NICO BRAAS COLLECTION
No. 12733. Focke-Wulf Fw 191 V1 Luftwaffe
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Focke-Wulf Fw 191 V1

02/28/2015. Remarks by Johan Visschedijk: "During the winter of 1939-1940, four companies received from the RLM the outline specification for a new medium bomber. This was known as the B medium bomber type which was to have a maximum speed of 373 mph (600 kmh) and carry a 8,820 lb (4,000 kg) bomb load to any part of the British Isles from French or Norwegian bases. In addition, a pressurized crew compartment, remote-controlled armament, and dive-bombing ability were required. For power, either two Junkers Jumo 222 or two Daimler-Benz DB 604 24-cylinder liquid-cooled engines, which were under development for the 2,500 hp class, were to be used.

By July 1940, the four firms submitted their design proposals, the Arado Ar 340, Dornier Do 317, Focke-Wulf Fw 191, and the Junkers Ju 288, with the result that the Fw 191 and Ju 288 were selected for full development, the Ar 340 was eliminated, and the Do 317 was put on a low priority development contract. A condition of the Focke-Wulf contract was that the Fw 191 should be designed with electrical systems throughout; this ill-founded and illogical directive precluded any hydraulic or similar systems, however appropriate they might be, and later earned the aircraft the appellation of Fliegendes Kraftwerk (flying power-station).

Under the leadership of Dipl-Ing E. Kösel, the Fw 191 was designed as an all-metal, twin-engined aircraft possessing clean lines. The shoulder-mounted wing, which was to carry two Jumo 222 engines, had a parallel-chord centre section and an approximately equi-taper planform outboard of the engines. In addition to ailerons divided chordwise into two sections near each wingtip, there were special combination landing flaps/dive-brakes (designed by Hans Multhopp) divided chordwise into four sections along each wing trailing edge. From the engine nacelles (which projected slightly beyond the wing trailing edge) extended the main undercarriage members which swung rearwards and turned through 90 deg for retraction into the bottom of the nacelles. The tailwheel retracted forwards and was covered by two small doors. Twin fins and rudders, of an almost square shape, were carried at the tips of the tailplane which had moderate dihedral.

In the fuselage, behind the crew's pressurized nose compartment, was situated the bomb bay with long, folding bomb doors, while above this bomb bay were the main fuel tanks. These were supplemented by tanks in the inboard wing sections. The hemispherical fuselage nose consisted of a framework with glazing to provide a view for the pilot and bombardier/navigator, the latter lying prone for bomb aiming and firing the chin mounted turret guns. Above and just behind the glazed nose section was a clear Plexiglas canopy which provided a sight station for navigation and gave the radio operator a rear view when firing the three upper gun barbettes (two at the rear of the engine nacelles and one on top of the rear fuselage). Beneath the nose was a gondola with a glazed rear step which provided a view for the flight engineer when he lay prone to fire the rear ventral gun barbette. All armament was to be remotely-controlled.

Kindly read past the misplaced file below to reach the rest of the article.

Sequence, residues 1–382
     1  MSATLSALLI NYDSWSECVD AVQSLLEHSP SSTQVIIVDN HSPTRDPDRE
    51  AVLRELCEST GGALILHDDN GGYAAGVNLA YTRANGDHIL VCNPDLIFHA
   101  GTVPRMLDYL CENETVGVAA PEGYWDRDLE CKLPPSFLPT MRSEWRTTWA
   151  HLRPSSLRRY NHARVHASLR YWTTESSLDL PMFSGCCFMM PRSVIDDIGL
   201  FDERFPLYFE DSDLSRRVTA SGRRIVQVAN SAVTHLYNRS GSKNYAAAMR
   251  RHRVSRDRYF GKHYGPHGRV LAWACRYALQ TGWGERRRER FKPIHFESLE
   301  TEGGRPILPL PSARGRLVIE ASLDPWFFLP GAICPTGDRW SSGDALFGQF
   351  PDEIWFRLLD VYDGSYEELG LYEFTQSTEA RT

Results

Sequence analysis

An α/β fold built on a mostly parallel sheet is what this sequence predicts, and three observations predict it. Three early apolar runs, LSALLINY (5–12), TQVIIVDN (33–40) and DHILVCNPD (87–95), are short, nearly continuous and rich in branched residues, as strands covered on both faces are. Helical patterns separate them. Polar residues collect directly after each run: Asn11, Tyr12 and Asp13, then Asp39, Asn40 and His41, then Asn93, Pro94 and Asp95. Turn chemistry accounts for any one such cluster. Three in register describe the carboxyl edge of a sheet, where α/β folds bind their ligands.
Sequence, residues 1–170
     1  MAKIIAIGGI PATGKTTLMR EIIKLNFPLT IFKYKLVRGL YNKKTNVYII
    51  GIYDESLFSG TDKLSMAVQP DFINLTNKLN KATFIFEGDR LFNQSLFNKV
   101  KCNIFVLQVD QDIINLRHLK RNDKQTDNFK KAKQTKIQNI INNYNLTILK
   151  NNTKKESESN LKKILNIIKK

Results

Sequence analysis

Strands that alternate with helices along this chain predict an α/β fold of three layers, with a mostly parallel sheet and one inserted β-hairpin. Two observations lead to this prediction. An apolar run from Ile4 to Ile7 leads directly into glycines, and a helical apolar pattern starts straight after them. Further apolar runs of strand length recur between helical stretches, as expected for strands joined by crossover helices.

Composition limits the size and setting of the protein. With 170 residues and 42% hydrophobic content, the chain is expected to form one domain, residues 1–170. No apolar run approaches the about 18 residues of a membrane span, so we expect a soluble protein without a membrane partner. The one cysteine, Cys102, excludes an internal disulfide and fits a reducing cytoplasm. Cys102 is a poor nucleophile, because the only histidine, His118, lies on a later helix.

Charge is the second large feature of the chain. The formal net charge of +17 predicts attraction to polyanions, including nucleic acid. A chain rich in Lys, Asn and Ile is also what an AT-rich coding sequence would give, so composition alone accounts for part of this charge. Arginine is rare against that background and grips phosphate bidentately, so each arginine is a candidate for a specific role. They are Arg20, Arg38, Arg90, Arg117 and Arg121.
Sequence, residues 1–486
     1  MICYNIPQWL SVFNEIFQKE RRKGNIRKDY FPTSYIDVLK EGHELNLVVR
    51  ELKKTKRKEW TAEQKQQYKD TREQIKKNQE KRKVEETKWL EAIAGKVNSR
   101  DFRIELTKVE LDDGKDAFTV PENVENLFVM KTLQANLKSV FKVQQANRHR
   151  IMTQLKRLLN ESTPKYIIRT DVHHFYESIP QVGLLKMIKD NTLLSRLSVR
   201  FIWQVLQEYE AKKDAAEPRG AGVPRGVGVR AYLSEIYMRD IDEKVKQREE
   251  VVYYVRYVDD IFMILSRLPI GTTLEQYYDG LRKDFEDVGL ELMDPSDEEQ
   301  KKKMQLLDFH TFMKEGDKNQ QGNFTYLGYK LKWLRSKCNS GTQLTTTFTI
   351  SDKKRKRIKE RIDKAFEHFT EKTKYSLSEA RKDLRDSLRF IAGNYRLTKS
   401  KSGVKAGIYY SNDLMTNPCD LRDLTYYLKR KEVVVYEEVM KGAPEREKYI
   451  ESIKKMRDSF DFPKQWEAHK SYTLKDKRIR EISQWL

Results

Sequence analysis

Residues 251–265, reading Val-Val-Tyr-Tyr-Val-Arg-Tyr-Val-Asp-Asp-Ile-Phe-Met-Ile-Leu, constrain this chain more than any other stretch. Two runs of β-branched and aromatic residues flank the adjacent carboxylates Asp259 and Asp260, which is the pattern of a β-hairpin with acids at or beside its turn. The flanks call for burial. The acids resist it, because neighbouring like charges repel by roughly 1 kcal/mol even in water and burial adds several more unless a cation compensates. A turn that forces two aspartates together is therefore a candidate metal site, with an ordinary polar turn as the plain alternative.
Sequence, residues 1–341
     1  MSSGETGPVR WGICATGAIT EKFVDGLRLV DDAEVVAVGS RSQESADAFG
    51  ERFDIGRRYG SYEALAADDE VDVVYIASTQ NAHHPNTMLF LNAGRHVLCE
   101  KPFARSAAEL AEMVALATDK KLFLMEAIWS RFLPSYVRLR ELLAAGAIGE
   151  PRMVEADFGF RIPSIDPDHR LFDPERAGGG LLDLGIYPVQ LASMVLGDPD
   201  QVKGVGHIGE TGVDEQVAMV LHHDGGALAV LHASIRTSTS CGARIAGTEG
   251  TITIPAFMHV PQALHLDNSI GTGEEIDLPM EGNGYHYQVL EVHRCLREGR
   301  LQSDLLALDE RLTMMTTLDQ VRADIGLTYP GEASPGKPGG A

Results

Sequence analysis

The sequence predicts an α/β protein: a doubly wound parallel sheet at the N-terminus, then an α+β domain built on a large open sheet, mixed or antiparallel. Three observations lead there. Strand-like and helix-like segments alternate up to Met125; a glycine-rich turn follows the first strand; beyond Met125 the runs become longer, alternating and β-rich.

By the time construction started on the Fw 191 V1 and V2 prototypes late in 1940 it was obvious that the proposed Jumo 222 engines were far from ready and so the two prototypes were fitted with less powerful 1,600 hp BMW 801A air-cooled radial engines to begin flight testing. Furthermore, these prototypes had no cabin pressurization, and only dummy armament installations. With Dipl-Ing Mehlhorn at the controls, the Fw 191 V1 first flew early in 1942 and, after ten flights, was joined by the similar Fw 191 V2. The flight tests with the Fw 191 V1 and V2 machines proved very disappointing but this did not reflect any incompetence on Focke-Wulf engineers. Much of the trouble stemmed from the enforced under-powering, while the aircraft had suffered a weight penalty due to the profusion of electrical equipment which was also a source of constant breakdown (which spoke poorly of its chances under combat conditions).

More surprising, Multhopp's special flaps were susceptible to serious flutter. No-one at Focke-Wulf had any illusions about the design and, late in 1942, after repeated requests, permission was given to abandon work on the Fw 191 V3, V4, and V5 prototypes and to modify and complete the V6 machine. The most important modifications were that all the main systems were made hydraulic and two specially-prepared Jumo 222 engines were fitted although these were still only producing less than 90 per cent of their design power. Thus modified, the Fw 191 V6 made its maiden flight in the spring of 1943 with Flugkapitän Hans Sander at the controls and, shortly after, made its last flight, from Delmenhorst to Wenzendorf.

In 1942, the Daimler-Benz DB 604 engine development had been abandoned and development prospects for the Jumo 222 engine appeared bleak because of the shortage of special metals. With no other 2,500 hp class engine available, therefore, the whole B medium bomber program was officially shut down."

Created February 28, 2015